Back in the old days of pens, paper, and print, we used to communicate with our customers, our visitors, and internally, much more slowly. And a great deal of this communication was a one-way affair.
Nowadays, we're all connected, all of the time - whether it's twitter, email, or good old fashioned telephone calls; mobile and digital technology have lowered the cost and raised the flexibility of communication at all levels. You would think this should be a good thing, but it does have its drawbacks, particularly on the web and on social media.
Everything is a conversation because when you share the traffic conditions or weather forecast for your event on your channel, there's always an opportunity for someone to reply. If you are lucky, you get a share, thanks, or a helpful comment. But what do you do about the 1% of people who post unhelpful, confusing, misleading and sometimes downright untruthful things about your event, just as it is about to start?
First things first, don't let any comments or posts like this derail you from dealing with the actual event. It's easy to become distracted by negative comments in the public domain, but your event needs you! Neither Deirdre from Stockport nor Keith from Bristol are running your event. No matter how personal they make it, the decisions you make are your own to take.
If you have the time, it is worth engaging even with obvious trolls - but keep a safe distance! Speak to the audience as a whole and not the individual, and don't get embroiled in any kind of tit-for-tat exchange. Address what appears to be their concerns or observations, reply with clear, relevant information in an upbeat and helpful tone. Ignore any attempts to bait you into a futile discussion or argument, just repeat the information you gave earlier, making it the final statement on the matter.
At a recent event, some members of the public were convinced that we should cancel it due to hot (or what I would call ‘excellent’) weather conditions. Another similar show had recently been cancelled for the same weather issue elsewhere in the country but their facilities were far more limited than ours. Quite quickly, our social media channels were lighting up with self-appointed experts dropping their wisdom all over the place.
We had prepared extensively for this event, we had contingency plans in place, we had done all the risk-assessments and acted upon them. We knew that there was absolutely no reason to cancel the show. No amount of explaining this would have satisfied those who had decided they were the now the event organiser. So we moderated where we could, and made sure the right information went out in reply: that the show was going ahead as planned, and that we had put extensive measures in place to deal with the weather.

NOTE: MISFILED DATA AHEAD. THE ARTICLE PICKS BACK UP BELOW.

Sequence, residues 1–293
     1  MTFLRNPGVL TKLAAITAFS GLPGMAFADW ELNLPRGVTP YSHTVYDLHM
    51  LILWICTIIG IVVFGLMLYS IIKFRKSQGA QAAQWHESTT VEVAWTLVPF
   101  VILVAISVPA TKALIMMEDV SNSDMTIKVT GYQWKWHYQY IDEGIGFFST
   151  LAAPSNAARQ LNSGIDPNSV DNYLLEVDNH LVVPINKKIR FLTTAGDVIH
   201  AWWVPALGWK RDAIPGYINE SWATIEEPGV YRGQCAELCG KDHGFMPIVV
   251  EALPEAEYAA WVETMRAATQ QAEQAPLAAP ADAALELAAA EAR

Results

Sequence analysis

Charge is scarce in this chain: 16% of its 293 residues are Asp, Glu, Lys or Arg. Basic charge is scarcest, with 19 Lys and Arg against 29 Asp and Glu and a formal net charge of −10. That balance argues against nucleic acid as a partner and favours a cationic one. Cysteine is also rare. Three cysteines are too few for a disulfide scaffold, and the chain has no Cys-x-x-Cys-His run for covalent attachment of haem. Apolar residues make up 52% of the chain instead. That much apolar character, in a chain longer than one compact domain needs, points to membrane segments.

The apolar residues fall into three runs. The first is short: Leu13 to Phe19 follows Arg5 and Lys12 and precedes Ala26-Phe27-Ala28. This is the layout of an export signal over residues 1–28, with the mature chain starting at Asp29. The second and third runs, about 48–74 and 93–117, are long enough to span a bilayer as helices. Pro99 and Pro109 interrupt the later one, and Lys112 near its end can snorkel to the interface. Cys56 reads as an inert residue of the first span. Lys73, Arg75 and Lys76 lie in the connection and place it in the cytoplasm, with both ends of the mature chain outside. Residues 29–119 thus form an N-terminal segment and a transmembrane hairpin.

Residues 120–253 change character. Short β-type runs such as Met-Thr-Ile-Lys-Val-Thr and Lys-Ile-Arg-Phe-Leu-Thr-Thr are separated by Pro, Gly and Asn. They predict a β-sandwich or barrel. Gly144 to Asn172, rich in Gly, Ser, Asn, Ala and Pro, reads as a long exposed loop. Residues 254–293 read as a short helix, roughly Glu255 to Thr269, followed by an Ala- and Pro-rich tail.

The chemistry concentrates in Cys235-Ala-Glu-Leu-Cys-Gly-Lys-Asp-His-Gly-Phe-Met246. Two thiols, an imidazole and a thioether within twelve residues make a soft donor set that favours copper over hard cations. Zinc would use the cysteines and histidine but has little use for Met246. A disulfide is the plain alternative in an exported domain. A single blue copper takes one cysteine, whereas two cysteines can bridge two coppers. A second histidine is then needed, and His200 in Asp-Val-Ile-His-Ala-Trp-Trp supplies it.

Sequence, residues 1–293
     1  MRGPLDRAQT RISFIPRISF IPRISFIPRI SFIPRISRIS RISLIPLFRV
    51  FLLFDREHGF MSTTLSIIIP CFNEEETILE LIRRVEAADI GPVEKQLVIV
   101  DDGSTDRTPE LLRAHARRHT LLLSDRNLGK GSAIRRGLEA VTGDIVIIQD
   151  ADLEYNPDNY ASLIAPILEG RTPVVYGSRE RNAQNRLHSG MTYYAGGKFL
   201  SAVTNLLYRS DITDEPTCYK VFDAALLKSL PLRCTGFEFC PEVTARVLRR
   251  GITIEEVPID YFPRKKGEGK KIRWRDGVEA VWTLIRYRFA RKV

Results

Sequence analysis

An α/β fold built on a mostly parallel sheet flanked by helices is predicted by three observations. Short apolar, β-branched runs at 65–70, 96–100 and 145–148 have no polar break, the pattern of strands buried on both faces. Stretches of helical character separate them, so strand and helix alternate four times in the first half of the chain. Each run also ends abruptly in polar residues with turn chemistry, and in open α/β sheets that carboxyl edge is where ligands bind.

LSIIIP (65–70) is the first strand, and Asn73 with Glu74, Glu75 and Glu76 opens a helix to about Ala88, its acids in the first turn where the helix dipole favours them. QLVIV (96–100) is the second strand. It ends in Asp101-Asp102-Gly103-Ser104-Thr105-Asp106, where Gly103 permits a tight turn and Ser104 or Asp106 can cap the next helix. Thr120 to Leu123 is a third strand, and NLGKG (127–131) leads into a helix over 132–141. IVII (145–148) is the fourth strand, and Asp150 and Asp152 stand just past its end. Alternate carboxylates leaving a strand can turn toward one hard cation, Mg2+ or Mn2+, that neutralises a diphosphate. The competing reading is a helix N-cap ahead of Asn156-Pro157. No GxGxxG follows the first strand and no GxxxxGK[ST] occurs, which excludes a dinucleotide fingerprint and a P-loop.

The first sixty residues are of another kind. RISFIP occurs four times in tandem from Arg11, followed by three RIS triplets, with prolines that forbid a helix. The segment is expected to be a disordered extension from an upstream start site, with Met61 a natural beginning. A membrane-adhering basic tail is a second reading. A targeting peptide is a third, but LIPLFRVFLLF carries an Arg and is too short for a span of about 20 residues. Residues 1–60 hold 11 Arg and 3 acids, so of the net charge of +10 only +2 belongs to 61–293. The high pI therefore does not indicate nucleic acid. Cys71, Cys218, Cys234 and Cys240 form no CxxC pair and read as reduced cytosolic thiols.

Event information needs to be easily found, consistent, and above all accurate. Keyboard warriors and self-appointed experts can pollute the web and social media with rogue information, and wherever you can you should remove or hide it, and reply with your prepared statement on the subject.
A prepared statement can be quickly written to allow you to delegate social media and website moderation, and concentrate on delivering the best event possible. We did this with our event and the statement ends all discussion (with us anyway). People will still continue to post negative comments but hide/ignore them (drown them out with positive news if you have to) and engage with those who have taken the information on board.
Persistent problem posters can usually be banned from your website and facebook pages, and whilst you can block Twitter users, you can't stop them tweeting about you. So you have varying degrees of control over the content on social media and the web, and you should use it.
Make sure the process of banning, hiding and deleting posts is well understood by the people who may be doing it. With all hands on deck as your event goes live, it's worth having a few designated people who can monitor sporadically during the day using their mobile. They can then keep up and deal with any problem posters.
In all of this, it's easy to forget the good posters, the ones who share, support and applaud. Don't forget to engage with them too - maybe after the event when you have a little more time to spare. After all, everyone likes to be liked!